Coronavirus cases in Pakistan have now reached nearly 60,000, with over 1,225 deaths in the country, leading the Prime Minister’s Special Advisor Dr Zafar Mirza to warn that the government...
Coronavirus cases in Pakistan have now reached nearly 60,000, with over 1,225 deaths in the country, leading the Prime Minister’s Special Advisor Dr Zafar Mirza to warn that the government could impose a new, stricter lockdown to curb the sharply rising trajectory. Pakistan is not alone in its struggle. But we have to say our attempts to combat the virus which causes serious disease and in a small number of cases death have been particularly chaotic. The country dithered from the very beginning in whether or not to impose a lockdown. The confusion between a curfew and a lockdown persisted, and the little lockdown there was in place was lifted before Eid, after which we saw people in mosques and markets. Pakistan’s curve of coronavirus cases has shown a consistent surge in the past couple of weeks. This upward trend is alarming and we may end up experiencing a Brazil-like mushrooming in the number of deaths. The WHO has also expressed its fears about a second wave of the virus as its epicenter, or so to say, is moving from the developed countries of Europe and America to developing and emerging countries such as Brazil, India, and even Pakistan.
Had Pakistan been able to lockdown more forcefully and gain greater cooperation from its people in the first place, we may not have been in the situation we now confront. A new lockdown will certainly be met with hostility from traders, given that their pressure was a factor in the easing of the first so-called lockdown while social distancing was virtually not observed at all despite the protocols agreed to for mosques and other places. As many had predicted, we now have a curve which shows a sharp rise in the number of cases occurring daily. Some suggest the actual number could be higher given the rate of testing and differences in how provinces are conducting this. Perhaps we could have saved people from death or at least a great deal of suffering had a proper lockdown been enforced.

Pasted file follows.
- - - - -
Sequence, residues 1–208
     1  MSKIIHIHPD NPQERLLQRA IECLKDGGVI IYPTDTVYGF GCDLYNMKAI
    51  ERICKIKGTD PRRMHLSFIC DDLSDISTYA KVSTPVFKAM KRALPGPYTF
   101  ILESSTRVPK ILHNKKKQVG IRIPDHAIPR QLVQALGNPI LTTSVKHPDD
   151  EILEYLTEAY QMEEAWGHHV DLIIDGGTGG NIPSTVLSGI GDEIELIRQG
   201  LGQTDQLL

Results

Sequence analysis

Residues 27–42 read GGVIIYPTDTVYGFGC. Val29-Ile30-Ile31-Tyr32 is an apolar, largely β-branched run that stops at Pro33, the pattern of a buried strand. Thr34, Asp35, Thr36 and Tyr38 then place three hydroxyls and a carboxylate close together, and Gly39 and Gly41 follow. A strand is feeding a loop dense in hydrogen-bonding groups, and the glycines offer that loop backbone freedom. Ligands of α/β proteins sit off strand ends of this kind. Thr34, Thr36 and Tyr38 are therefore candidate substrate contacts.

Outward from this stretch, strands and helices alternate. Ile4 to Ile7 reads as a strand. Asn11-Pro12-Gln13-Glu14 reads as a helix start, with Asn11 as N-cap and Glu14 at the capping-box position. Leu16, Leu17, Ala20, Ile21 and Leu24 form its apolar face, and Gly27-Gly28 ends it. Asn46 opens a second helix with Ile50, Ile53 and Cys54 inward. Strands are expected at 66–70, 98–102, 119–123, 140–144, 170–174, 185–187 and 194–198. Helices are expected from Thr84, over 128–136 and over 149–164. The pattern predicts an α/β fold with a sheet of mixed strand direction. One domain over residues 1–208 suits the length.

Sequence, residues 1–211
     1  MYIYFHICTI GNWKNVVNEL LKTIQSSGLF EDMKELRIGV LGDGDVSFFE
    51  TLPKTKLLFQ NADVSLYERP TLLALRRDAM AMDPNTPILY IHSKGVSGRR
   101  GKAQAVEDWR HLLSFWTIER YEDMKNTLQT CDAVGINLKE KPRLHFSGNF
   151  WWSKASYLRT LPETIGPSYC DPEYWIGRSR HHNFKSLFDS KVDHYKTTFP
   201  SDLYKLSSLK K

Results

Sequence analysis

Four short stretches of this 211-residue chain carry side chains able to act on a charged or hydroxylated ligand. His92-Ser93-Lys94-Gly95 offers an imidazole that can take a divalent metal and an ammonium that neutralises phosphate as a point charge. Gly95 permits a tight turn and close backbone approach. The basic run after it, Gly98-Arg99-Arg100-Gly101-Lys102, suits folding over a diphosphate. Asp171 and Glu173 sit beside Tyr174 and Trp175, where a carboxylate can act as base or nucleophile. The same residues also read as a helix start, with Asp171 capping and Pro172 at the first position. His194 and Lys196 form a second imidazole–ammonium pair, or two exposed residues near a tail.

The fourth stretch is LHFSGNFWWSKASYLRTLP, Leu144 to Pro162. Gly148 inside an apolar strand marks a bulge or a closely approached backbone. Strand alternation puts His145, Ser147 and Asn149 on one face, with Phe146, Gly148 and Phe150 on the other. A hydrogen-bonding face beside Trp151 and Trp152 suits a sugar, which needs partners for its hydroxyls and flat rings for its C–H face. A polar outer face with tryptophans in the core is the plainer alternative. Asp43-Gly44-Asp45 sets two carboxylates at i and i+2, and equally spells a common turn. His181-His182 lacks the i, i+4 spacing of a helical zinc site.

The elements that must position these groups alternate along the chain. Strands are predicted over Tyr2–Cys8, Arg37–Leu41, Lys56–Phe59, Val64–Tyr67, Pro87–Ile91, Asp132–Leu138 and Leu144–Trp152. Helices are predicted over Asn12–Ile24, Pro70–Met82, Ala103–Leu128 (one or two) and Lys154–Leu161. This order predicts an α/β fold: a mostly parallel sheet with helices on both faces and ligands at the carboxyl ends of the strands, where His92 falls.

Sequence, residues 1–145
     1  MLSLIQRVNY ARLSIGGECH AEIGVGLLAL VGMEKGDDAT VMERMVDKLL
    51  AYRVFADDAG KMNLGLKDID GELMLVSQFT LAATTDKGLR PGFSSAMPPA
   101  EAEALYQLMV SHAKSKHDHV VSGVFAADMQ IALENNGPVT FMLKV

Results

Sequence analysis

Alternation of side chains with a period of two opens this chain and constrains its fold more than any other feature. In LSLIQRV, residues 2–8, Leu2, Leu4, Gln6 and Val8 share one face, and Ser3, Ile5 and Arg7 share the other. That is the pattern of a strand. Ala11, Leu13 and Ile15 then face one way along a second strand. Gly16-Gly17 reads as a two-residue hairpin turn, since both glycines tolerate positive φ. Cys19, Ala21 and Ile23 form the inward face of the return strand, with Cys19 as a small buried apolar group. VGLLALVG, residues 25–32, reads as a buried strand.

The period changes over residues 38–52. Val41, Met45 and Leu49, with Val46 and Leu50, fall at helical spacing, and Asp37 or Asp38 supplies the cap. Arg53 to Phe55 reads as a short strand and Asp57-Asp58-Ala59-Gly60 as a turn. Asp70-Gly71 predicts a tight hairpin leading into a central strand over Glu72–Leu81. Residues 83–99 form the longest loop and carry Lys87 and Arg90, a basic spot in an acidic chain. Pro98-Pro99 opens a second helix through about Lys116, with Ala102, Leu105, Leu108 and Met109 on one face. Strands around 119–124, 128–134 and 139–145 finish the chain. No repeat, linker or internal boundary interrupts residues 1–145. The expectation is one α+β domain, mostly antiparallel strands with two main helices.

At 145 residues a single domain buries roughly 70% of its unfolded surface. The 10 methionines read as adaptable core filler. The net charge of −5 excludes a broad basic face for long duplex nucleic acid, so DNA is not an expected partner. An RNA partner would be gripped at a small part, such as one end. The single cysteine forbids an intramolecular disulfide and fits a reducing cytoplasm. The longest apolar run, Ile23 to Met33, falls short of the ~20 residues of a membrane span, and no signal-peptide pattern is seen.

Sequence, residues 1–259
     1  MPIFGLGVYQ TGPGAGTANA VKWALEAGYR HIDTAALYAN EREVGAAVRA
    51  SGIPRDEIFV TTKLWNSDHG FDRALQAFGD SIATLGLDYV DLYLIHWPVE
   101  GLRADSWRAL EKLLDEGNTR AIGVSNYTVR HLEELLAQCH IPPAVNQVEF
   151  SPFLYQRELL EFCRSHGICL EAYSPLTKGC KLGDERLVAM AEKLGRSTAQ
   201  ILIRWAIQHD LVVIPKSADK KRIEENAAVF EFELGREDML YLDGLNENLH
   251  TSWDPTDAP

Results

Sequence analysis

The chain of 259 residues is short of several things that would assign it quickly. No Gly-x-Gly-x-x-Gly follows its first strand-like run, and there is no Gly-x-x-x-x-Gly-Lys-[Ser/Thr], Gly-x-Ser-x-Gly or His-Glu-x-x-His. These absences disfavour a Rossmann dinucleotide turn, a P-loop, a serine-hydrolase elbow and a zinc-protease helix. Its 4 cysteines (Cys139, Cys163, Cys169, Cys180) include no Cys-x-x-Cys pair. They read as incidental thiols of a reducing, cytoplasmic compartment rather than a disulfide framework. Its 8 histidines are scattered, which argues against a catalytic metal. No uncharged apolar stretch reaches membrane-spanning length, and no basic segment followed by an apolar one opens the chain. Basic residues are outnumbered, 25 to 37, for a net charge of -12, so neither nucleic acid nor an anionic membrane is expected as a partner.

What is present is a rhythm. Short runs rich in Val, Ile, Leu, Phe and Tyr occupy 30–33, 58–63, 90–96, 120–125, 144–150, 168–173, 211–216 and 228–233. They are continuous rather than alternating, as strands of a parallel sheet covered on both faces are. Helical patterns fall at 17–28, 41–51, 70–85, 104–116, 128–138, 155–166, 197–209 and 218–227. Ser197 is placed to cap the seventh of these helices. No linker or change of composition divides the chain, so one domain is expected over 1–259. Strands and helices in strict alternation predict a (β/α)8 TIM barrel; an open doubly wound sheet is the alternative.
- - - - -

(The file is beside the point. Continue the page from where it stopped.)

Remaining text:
A new lockdown will be tough on people as life is disrupted for an indefinite period. But this time, there must be greater effort to unite on the matter and send out a message that shows agreement between all the provinces and all the leadership. The confusion seen in the past did nothing to help. It simply confused people and we now have a situation in which people believe the virus is no longer a threat. While the government and the NDMA have promised enough protective equipment and ventilators, this is not the point. We should have been able to avoid reaching this stage. The constant see-sawing could lead us straight into an abyss of terrible disease and disaster, worst of all affecting the poor whom the prime minister has consistently said he wishes to protect. Instead, the easing of the lockdown has most benefited industrialists, businessmen and traders. We now need to think of the people. No lockdown can be effective if people don’t understand why this is necessary and cooperate with the tough measures that can change life in the country.